Husbands write to me to ask why their wives are stuck on something that happened in their relationship so long ago. I hear from wives that their husbands refuse to address long-ago problems because the problems are in the past.

I know how frustrating it is to try to heal from a long-ago scratch in the marriage when your husband wants you to just jump ahead and finish the rest of the song.

So what can you do?

Be aware of the fact that you are replaying the event because you want to be whole again. Understanding why you are revisiting something might help you be able to talk with your husband about it or reflect on it differently. If you are bringing up the long-ago event to tell your husband why you can’t trust him, perhaps it can help to explain that this was an event that broke your trust and that part of restoring that trust is to work through it again.

Repair the broken place. It is possible to repair a broken record. It sometimes involves glue or sanding, and while it may never be the same as it was, you might be able to get it to where it stops catching on  you. If your marriage has been damaged, get help in restoring it to a place of health. Get counseling. Work through the issues rather than pretend they don’t exist.

Check to see if it is you rather than the event you are remembering. Sometimes, the problem wasn’t that the record was scratched but that the needle was clogged with dust. There are some memories where I was convinced there was brokenness. When I checked myself later, though, I discovered that it wasn’t the event itself that had been the problem, it had been something in me that just needed to be cleared out like dust from a record player needle.

Learn to love the brokenness. One of my friends had a record that was scratched in one particular spot. Instead of complaining about it, we began to sing along with the scratch. The broken place became part of what we loved about the song because we had so much fun singing along. Our years of sexual disconnection were not pleasant, and we wouldn’t choose to live through them again. At the same time, though, we can appreciate the joy that has come out of that time in our marriage.

Even when you are replaying a broken record in your mind, it is possible to get back into the proper groove.

One day, perhaps you will be surprised to open your eyes and see wholeness where the broken place was.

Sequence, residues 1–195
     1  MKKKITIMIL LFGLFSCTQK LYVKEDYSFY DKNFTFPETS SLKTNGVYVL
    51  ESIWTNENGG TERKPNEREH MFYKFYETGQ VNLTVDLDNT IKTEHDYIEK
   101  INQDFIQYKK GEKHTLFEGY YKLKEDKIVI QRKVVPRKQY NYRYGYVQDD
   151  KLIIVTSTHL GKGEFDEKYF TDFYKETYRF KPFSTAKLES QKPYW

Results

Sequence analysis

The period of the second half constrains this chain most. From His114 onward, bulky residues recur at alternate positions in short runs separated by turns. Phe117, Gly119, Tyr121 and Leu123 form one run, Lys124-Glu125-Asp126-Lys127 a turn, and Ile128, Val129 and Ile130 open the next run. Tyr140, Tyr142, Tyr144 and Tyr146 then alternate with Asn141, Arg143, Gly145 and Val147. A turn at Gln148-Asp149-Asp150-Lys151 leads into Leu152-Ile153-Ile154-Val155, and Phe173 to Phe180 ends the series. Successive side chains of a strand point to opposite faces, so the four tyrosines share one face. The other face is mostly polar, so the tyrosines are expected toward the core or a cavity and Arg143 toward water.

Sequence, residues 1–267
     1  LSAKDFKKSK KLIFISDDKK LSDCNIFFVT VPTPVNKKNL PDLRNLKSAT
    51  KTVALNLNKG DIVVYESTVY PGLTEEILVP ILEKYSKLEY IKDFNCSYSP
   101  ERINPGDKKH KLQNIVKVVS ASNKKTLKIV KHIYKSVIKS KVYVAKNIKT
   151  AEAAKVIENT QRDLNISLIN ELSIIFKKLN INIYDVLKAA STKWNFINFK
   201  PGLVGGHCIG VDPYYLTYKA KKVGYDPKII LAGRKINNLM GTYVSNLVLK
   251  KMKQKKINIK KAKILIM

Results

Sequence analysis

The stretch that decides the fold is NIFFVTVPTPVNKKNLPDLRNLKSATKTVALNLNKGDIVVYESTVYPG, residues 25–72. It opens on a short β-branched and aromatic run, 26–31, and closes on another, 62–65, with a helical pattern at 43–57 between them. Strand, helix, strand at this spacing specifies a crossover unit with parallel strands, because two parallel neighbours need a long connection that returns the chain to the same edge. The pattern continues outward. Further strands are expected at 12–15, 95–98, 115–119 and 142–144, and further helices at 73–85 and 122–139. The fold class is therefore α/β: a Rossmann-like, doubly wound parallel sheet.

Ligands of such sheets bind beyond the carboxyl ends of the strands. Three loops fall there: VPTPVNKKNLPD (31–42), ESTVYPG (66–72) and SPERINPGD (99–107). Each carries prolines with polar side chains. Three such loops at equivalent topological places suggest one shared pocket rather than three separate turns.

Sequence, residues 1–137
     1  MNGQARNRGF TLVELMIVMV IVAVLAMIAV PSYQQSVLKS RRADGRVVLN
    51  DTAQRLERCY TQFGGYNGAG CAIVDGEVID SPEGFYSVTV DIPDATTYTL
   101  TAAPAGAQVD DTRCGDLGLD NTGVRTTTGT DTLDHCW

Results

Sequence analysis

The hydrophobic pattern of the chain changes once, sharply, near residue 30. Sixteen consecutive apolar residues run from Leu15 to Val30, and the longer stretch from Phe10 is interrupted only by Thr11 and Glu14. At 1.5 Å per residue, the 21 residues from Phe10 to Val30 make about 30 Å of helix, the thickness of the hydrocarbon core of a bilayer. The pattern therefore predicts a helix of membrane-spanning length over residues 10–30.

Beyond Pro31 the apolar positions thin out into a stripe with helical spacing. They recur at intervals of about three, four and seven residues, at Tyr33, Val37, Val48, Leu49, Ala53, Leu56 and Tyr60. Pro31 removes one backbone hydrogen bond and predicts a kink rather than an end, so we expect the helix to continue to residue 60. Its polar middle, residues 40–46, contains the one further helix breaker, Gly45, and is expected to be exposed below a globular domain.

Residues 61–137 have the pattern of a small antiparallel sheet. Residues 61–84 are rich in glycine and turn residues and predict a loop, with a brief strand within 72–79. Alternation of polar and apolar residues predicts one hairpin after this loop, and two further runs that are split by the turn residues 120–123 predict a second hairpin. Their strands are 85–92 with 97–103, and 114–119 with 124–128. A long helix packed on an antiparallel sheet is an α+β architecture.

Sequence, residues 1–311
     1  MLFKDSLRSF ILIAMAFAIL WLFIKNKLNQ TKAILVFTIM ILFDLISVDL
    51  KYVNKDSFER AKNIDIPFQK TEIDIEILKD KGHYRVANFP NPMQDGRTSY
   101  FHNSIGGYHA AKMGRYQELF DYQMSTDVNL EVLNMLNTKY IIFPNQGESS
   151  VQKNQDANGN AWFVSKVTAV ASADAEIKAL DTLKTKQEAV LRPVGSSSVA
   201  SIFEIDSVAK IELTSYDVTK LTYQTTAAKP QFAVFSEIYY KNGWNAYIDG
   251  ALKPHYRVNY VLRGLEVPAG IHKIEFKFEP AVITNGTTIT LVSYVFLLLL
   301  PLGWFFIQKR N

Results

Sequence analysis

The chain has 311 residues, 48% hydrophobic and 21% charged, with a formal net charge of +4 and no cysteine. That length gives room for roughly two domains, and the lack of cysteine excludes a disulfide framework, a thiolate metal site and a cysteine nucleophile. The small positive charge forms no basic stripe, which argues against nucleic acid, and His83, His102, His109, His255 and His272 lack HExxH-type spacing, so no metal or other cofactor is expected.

Image courtesy of dan at

7 Thoughts on “Broken Record: Do You Revisit Long-Ago Events?

  1. Heavy heart on July 24, 2015 at 6:19 am said:

    Yes I remember the scratch of the record player miss that sound. I miss the simplicity of it. You saw it working could possibly fix it quickly a wipe or puff of air.
    Thanks for this. I like loving the brokenness it’s Jesus dying for me and realizing how much I’ve been forgiven and me daily forgiving my husband.

    • I like that idea best, too. One of the things I ran into as I was looking into whether records can be repaired was that no matter what repair method was suggested, the record was never going to be made flawless. There would also be a little hitch at the point of repair–a reminder of what had been broken. To many, the value of a record over digital forms of music is that the imperfections become part of the experience. It isn’t good to have a record that is so broken that you can’t follow the flow of the song, but a record that reminds you of the fact that it is a record that has been played and loved is a treasure. That’s the kind of brokenness I love best.

  2. IntimacySeeker on July 24, 2015 at 8:13 am said:

    Sistah, you are the queen of analogies! Thank you!

  3. So this is actually just a general question. At Christmas I went to Amazon to make some purchases from your site. Is that one way we can support your site or do we need to do more than that?
    I’m wanting to make another purchase, but want to be sure the support goes to you.
    Haven’t made the time to read through posts I have saved, but am looking forward to getting back to them. God is helping you to be so insightful.
    Have a blessed day,

    • Thank you so much for wanting to support this site. You should be able to click on any link to Amazon from this site in order to send a little commission my way. Through the magic of cookies (doesn’t that sound lovely?), my account is credited. This link also should work. I appreciate your support. 🙂

  4. When a strong emotion associated with a memory surfaces, I try desperately to make the pain go away! My life is, apparently, a line of packaged and sealed bad experiences (some days more than others) that the Lord is now asking me to revisit so He can fix them. Perhaps the root of my anger (apart from the modelling by two angry parents) is in those boxes. Thank you for this post and the one that led me here regarding forgiveness as part of dealing with the walls. I have saved them to be read again.